• It was stated that she was surviving on mashed food and wasn’t capable of moving her hands and legs.
  • It was alleged that there wasn’t any chance of improvement in her condition and her body was lying on the bed like a dead body in KEM Hospital in Mumbai for the last 36 years.
  • The neurologist at the hospital found that the brain’s cortex was damaged by a brain stem injury often termed as a cervical cord injury.
  • Aruna’s close friend Pinky Virani requested that the respondent should stop feeding Aruna and let her die in peace.

ARGUMENTS RAISED BY THE RESPONDENT: –

The following contentions were raised before the court by the respondent: –

  • Medical Ethics:   It was contended that medical ethics requires care and treatment and promotes not to end the life of the patient. Medical science is progressing rapidly and even incurable diseases can be cured. Thus, instead of encouraging a patient to end their life, physicians must encourage patients to live their painful life with vigor and courage.
  • Moral Wrong: It was further objected that taking one’s life is morally wrong. The value of life can never be underestimated and should always be considered precious.
  • Disabled Groups will become more vulnerable to it:  It was stated that groups of vulnerable people will feel compelled to opt euthanasia as they often consider themselves as a burden to society.
  • The conflict between suicide and euthanasia:  It was objected that if suicide is not allowed then euthanasia should also be allowed. A person commits suicide when he goes into a state of depression and has no hope from life. A similar situation occurs when a person seeks euthanasia. But by taking proper care of such patients and showing hope in them, such tendency can be reduced.
  • Occurrence of Miracles:  It was contended that miracles happen in our society, especially when it is a matter of life and death, there are many examples of people coming out of coma after years and human life is about hope. Thus, passive euthanasia shouldn’t be granted.

RELATED PROVISIONS: –

      THE CONSTITUTION OF INDIA

  • ARTICLE 14 OF THE CONSTITUTION OF INDIA-

Article 14 states that no person shall be denied equality before the law or equal protection of the laws in the territory of India. This right is given to all persons, whether they are citizens or foreigners, statutory corporations, companies, registered entities or any other legal person.

  • ARTICLE 21 OF THE CONSTITUTION OF INDIA-

Article 21 declares that no person shall be deprived of his life or personal liberty except according to the procedure established by law. This right is available to both citizens and non-citizens. The right to life is not limited to the existence of humans but includes the right to live with human dignity and all aspects of life that make human life meaningful, complete and worth living.

  • ARTICLE 32 OF THE CONSTITUTION OF INDIA-

 The right to move to the Supreme Court by appropriate proceedings for the enforcement of the rights conferred to a person is guaranteed under Article 32.

      INDIAN PENAL CODE: –

  • SECTION 306 OF IPC, 1860-

If any person commits suicide, whoever abets such suicide, shall be punished with imprisonment of either description for a term which may extend to ten years and shall also be liable to fine.

  • SECTION 309 OF IPC, 1860-

Whoever attempts to commit suicide and practices any act of such offence shall be punished with simple imprisonment for a term which may extend to one year or shall be liable to pay fines or both.

   JUDGEMENT: –

The court held that in the context of a critical situation of PVS, the right to die is not premature termination of life, but it hastens the process of death. The right to live with human dignity should also include death with dignity curbing mental and physical pain.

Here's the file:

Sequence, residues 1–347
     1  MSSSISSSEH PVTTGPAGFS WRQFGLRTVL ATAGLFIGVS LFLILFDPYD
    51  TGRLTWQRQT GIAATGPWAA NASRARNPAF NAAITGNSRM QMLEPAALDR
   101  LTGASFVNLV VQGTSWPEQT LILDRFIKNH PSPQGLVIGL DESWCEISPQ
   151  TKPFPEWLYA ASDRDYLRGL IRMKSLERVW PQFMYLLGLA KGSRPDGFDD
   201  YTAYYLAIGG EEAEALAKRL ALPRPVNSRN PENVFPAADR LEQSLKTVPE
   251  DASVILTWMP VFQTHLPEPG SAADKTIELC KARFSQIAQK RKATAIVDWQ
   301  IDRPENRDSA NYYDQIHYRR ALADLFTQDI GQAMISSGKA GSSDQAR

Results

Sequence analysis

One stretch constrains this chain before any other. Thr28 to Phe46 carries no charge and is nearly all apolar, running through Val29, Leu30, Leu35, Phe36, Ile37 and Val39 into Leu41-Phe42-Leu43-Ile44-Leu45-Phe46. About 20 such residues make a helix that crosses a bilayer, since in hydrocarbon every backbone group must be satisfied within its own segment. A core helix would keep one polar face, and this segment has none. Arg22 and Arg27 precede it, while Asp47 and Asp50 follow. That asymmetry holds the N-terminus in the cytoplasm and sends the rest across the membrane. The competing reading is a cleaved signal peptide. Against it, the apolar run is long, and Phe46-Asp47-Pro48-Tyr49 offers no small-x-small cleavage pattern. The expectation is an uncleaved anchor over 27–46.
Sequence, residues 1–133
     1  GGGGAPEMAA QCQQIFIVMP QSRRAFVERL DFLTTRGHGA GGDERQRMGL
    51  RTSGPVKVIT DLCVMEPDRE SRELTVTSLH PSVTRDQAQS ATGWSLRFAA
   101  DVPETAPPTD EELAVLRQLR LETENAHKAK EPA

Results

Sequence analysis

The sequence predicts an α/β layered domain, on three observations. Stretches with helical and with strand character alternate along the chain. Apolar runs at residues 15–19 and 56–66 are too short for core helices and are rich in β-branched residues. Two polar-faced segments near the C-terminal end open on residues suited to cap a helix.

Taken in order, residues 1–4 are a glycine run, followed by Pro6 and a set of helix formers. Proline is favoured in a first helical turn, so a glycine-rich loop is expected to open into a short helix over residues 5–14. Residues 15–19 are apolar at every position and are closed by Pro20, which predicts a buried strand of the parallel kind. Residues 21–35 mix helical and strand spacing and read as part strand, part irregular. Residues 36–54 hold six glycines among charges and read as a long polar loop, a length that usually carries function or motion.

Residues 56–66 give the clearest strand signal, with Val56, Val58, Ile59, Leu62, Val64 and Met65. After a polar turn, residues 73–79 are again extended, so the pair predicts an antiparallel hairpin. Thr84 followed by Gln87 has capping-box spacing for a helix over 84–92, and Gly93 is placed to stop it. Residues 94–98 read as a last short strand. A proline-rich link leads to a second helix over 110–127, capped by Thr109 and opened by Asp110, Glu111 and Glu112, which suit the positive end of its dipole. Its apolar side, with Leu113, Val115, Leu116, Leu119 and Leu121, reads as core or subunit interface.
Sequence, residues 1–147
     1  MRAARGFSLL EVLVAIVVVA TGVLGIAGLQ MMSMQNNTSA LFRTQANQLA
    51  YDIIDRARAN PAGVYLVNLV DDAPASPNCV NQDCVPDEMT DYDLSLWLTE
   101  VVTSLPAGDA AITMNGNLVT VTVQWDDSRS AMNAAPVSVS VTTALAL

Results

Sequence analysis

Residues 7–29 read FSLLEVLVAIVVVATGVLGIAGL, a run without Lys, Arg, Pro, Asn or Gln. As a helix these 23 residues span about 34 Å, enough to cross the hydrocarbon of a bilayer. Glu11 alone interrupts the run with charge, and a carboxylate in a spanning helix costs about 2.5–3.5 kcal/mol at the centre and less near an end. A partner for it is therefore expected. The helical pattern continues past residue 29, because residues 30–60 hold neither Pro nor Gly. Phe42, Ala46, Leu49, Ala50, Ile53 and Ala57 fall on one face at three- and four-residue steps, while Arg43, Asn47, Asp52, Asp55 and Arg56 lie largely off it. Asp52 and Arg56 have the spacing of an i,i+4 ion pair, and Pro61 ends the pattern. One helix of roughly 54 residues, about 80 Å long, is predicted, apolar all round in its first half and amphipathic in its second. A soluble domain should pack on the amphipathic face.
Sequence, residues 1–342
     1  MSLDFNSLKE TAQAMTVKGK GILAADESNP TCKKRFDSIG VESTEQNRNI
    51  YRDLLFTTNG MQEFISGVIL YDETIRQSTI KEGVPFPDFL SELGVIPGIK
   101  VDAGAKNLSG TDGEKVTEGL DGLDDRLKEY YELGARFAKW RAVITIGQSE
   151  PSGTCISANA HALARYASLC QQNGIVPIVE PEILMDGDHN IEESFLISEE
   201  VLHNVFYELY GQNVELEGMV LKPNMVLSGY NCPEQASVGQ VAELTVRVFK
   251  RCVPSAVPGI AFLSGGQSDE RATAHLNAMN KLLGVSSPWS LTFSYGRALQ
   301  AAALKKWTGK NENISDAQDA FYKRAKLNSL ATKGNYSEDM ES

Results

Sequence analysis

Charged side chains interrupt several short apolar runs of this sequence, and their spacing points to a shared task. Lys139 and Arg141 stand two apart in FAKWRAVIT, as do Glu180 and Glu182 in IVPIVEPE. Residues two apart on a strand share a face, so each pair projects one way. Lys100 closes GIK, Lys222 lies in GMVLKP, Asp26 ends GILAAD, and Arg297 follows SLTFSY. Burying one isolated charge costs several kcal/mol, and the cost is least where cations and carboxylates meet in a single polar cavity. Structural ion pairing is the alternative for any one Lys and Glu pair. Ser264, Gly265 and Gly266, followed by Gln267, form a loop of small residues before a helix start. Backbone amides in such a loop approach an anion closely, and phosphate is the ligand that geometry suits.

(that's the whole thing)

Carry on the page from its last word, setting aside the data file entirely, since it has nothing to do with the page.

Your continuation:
The court-appointed a team of three doctors to examine Ms Shanbaug and asked them to submit a report about her physical and mental condition. Although the court did not allow Ms Shanbaug to withdraw the medical treatment, it discussed the issue of euthanasia in detail and allowed passive euthanasia. It defined “passive euthanasia” as the withdrawal of treatment to cause the patient’s death.

The Supreme Court held that the right to live includes the right to die with dignity. It stated that passive euthanasia is permitted if the doctors act based on notified medical opinion and withdraw life support in the best interest of the patient.

The Court clarified the issues related to euthanasia and also laid down guidelines regarding euthanasia on a large scale along with the recommendation of the repeal of Section 309 of the Indian Penal Code.

CONCLUSION: –

Enacting laws is not the solution to every problem we face in our daily life. Mercy killing is not a common condition but a very rare and critical one. It is only one in thousands of cases where physicians come across patients with chronic diseases where euthanasia is considered. It is practical to consider euthanasia in the case of a patient with PVS stage but it is not apt for every such case. It is important to assess the practical work behind the legalization of euthanasia in India. In countries where euthanasia is legal in all aspects, the practice of the same has turned into a convention. It cannot be said that the practice is full proof and without flaws in those countries.

In the case of Euthanasia, the nation and the citizens go through a radical change in the medical field considering the humanitarian approach which further develops the mindset of the entire community, leading to the formation of an opinion about choosing death over life. This understanding has been passed down for generations now, which is quite revolutionary. India needs maturity to handle this issue and understand its pros and cons well. After the case of Jian Kaur, suicide itself became illegal, but the same could not be said for euthanasia.

The Supreme Court judgment in Aruna Ramachandra Shanbaug v Union of India legalized passive euthanasia and observed that in exceptional circumstances passive euthanasia is permitted under the supervision of law but active euthanasia is not permitted under law.  Euthanasia should be implemented with adequate safeguards. The recommendations made in the report of the Law Commission of India and the guidelines in Aruna’s case are to be taken into account when any law is to be framed to prevent malpractice and the abuse of euthanasia.